Jan. 11, 2019: In Poland, a Huawei employee gets arrested over alleged spying.
Jan. 14, 2019: Huawei sacks that arrested employee.
The charges unsealed today clearly allege that Huawei intentionally conspired to steal the intellectual property of an American company.FBI Director Christopher Wray, Jan. 29, 2019
Jan. 18, 2019: China says a Canadian ban on Huawei’s 5G tech will trigger “repercussions.”
Jan. 23, 2019: Huawei’s CFO may face formal extradition to the US, says report.
Jan. 24, 2019: Huawei reportedly says it’ll take smartphone crown from Samsung by 2020.
Jan. 25, 2019: Colleges reportedly drop Huawei equipment to appease the Trump administration. Also, Huawei says it’ll reveal a foldable phone with 5G in February.
Jan. 29, 2019: US hammers Huawei with 23 indictments for alleged trade secret theft and fraud.
Jan. 30, 2019: Qualcomm reaches an interim licensing agreement with Huawei.
Feb. 1, 2019: Huawei illuminates its foldable phone in a MWC 2019 teaser photo.
Feb. 4, 2019: Report says FBI raided Huawei lab and set up a CES sting. Also, two of the company’s staff were expelled from Denmark after work permit inspection.
Feb. 6, 2019: US State Department discourages European countries from using Huawei equipment in their 5G rollouts.
Feb. 17, 2019: UK reportedly concludes using Huawei in 5G is a manageable risk.
Feb. 19, 2019: Huawei’s founder Ren Zhengfei tells the BBC “there’s no way the US can crush us.”
Feb. 20-21, 2019: Ren says that the arrest of his daughter, the company’s CFO, was “politically motivated and that the US treats 5G like “military” tech.
Feb. 21, 2019: Secretary of State Mike Pompeo says countries using Huawei tech pose a risk to the US.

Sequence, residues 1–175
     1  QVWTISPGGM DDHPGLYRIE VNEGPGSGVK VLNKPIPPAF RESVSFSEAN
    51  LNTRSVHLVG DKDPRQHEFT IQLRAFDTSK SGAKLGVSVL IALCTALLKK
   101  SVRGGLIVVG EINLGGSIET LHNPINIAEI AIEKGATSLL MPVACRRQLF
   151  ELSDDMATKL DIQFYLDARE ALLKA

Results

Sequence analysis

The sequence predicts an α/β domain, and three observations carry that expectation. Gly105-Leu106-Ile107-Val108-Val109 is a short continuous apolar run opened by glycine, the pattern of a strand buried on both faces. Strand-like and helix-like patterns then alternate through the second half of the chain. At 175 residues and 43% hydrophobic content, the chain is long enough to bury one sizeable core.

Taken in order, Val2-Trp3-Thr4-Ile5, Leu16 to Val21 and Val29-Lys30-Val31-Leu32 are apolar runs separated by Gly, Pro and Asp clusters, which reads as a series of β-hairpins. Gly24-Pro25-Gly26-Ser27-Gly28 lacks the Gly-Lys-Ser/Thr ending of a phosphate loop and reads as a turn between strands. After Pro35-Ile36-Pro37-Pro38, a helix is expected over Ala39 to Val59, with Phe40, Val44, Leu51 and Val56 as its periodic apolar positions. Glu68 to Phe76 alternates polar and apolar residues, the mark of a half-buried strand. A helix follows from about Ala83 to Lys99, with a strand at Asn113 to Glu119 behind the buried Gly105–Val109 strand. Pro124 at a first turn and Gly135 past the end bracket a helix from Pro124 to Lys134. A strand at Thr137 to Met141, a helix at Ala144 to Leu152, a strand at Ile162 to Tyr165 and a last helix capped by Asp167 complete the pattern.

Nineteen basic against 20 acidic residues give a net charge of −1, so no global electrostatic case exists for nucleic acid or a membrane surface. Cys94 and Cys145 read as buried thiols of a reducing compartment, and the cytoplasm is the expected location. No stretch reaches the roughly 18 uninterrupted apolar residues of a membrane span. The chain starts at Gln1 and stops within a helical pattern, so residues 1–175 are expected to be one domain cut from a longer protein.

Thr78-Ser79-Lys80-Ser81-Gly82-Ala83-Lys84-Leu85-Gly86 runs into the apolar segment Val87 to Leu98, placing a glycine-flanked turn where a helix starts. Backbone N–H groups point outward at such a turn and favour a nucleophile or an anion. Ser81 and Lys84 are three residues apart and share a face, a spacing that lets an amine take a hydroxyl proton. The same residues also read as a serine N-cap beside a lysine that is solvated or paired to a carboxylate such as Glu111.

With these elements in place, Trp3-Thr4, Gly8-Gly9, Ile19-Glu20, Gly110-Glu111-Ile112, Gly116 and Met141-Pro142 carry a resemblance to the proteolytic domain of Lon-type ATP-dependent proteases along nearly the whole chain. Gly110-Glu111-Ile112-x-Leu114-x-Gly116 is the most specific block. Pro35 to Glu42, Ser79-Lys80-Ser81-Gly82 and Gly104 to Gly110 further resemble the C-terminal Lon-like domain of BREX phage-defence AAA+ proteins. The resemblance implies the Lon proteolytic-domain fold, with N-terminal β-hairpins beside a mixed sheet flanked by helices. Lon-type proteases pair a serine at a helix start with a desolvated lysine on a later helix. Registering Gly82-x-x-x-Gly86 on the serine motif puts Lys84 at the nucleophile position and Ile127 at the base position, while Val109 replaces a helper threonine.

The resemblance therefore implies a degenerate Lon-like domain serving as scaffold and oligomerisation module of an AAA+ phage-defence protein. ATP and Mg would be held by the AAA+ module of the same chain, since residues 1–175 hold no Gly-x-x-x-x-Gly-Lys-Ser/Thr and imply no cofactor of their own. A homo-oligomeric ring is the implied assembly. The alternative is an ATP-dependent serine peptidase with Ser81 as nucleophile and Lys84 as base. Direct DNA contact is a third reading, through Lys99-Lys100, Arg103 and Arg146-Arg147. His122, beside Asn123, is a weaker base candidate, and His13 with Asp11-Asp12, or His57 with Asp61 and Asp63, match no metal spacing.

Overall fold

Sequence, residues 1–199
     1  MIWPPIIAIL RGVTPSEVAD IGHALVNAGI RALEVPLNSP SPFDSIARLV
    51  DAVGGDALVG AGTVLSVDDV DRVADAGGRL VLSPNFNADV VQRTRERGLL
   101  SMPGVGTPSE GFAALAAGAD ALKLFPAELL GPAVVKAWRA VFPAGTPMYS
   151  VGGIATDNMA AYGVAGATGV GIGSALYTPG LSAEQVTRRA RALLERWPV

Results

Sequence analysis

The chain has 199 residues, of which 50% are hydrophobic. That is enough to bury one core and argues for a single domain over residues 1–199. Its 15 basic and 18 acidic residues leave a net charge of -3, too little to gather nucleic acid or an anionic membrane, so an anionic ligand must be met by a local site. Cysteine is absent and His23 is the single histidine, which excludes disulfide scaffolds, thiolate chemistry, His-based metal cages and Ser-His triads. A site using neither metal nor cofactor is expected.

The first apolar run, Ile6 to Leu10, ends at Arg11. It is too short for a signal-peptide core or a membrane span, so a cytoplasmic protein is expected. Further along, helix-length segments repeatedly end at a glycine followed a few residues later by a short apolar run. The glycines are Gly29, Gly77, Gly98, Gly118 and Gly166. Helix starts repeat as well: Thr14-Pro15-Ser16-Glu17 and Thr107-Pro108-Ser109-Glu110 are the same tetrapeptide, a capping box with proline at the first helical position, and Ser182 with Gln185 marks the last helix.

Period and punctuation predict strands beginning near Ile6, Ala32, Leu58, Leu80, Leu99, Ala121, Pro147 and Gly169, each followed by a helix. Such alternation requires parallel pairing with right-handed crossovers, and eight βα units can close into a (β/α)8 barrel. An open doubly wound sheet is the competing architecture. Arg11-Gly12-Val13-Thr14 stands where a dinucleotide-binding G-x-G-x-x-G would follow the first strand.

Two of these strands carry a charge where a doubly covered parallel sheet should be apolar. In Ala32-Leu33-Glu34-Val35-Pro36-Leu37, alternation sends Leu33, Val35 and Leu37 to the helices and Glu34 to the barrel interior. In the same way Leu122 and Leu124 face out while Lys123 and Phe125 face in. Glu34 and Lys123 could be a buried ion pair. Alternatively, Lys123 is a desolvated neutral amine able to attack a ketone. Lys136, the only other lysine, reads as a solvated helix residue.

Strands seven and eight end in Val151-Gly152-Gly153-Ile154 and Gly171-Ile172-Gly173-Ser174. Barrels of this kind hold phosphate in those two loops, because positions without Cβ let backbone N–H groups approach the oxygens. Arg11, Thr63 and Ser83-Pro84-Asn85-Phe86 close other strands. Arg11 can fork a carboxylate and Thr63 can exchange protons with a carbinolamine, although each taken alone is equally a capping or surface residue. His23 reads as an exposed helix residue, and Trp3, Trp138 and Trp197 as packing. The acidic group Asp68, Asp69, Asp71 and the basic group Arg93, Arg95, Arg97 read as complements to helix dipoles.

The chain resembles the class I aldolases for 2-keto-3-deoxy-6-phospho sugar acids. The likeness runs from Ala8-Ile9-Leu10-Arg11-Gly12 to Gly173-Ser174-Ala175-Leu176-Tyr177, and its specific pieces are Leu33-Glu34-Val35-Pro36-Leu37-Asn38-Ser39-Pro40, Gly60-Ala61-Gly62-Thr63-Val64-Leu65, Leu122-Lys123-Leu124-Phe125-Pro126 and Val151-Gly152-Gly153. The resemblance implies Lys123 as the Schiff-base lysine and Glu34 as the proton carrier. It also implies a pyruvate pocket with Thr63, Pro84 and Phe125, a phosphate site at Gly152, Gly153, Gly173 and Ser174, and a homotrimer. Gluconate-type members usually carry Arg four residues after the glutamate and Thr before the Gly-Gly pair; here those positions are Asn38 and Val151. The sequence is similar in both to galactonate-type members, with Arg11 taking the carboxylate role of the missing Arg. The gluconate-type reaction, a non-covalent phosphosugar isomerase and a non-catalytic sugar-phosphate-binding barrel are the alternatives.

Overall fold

Feb. 22, 2019: Italian politicians reportedly push for Huawei 5G ban.
Feb. 24, 2019: Huawei unveils Mate X foldable phone.
Feb. 25, 2019: Huawei could face solar tech ban in the US.
Feb. 26, 2019: Samsung and Huawei settle two-year-old patent dispute.
Feb. 28, 2019: Chinese kids literally sing Huawei’s praises in surreal video.
March 1, 2019: Extradition hearing for Huawei CFO gets the go-ahead from Canada, and US warns Philippines against using Huawei 5G gear.
March 5, 2019: Huawei reportedly calls for international cybersecurity standards
March 8, 2019: Huawei sues US government over equipment ban.
March 12, 2019: US reportedly tells Germany to drop Huawei or it’ll limit intel sharing. The Huawei Mate 20 hits 10 million shipped.
March 14, 2019: Huawei is developing its own OS in case it can’t use Android or Windows, report says.
March 15, 2019: Huawei CFO wanted to quit before arrest, according to company’s founder.
March 19, 2019: Angela Merkel pushes back against US pressure to bar Huawei from Germany’s 5G rollout.
March 26, 2019: Huawei launches P30 and P30 Pro in Paris.
March 28, 2019: British watchdog warns that Huawei products represent “significantly increased risk.”
March 29, 2019: Huawei slams US for having “a loser’s attitude” because its tech can’t compete